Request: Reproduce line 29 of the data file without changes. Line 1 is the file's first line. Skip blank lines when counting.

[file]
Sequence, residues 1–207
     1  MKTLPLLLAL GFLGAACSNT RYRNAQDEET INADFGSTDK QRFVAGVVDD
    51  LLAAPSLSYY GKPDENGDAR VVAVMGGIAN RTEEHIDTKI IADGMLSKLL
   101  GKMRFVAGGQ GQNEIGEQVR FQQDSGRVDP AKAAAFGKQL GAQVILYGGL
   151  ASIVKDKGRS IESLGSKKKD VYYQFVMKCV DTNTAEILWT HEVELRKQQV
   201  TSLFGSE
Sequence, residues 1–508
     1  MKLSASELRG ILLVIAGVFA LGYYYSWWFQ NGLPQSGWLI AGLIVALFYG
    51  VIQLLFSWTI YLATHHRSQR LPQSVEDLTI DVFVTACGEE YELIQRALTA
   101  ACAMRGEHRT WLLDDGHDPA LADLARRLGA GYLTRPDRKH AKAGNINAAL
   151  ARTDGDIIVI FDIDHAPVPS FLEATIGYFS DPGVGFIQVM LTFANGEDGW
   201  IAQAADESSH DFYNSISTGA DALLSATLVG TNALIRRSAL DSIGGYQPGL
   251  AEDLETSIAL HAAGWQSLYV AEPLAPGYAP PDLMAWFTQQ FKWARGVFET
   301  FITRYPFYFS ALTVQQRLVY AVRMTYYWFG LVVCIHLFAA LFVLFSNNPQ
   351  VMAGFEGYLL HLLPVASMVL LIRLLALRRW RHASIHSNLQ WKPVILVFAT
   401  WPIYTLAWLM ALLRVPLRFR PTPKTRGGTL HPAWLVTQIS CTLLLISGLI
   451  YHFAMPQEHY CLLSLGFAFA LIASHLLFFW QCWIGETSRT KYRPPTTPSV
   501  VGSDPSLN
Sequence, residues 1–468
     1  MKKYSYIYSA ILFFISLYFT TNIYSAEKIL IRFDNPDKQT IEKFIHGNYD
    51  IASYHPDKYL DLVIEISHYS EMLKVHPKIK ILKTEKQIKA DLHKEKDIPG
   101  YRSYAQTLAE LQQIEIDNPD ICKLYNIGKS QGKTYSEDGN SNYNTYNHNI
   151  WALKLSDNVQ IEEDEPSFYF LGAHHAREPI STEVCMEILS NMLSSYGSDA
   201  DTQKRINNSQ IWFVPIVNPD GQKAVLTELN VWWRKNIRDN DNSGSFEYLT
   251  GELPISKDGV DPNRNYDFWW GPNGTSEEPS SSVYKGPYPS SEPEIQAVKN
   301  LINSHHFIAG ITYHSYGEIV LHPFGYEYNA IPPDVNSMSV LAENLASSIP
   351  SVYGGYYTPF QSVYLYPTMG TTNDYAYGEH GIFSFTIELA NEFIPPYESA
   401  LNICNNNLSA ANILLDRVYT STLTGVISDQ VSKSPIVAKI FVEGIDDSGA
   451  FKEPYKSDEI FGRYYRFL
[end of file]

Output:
   451  FKEPYKSDEI FGRYYRFL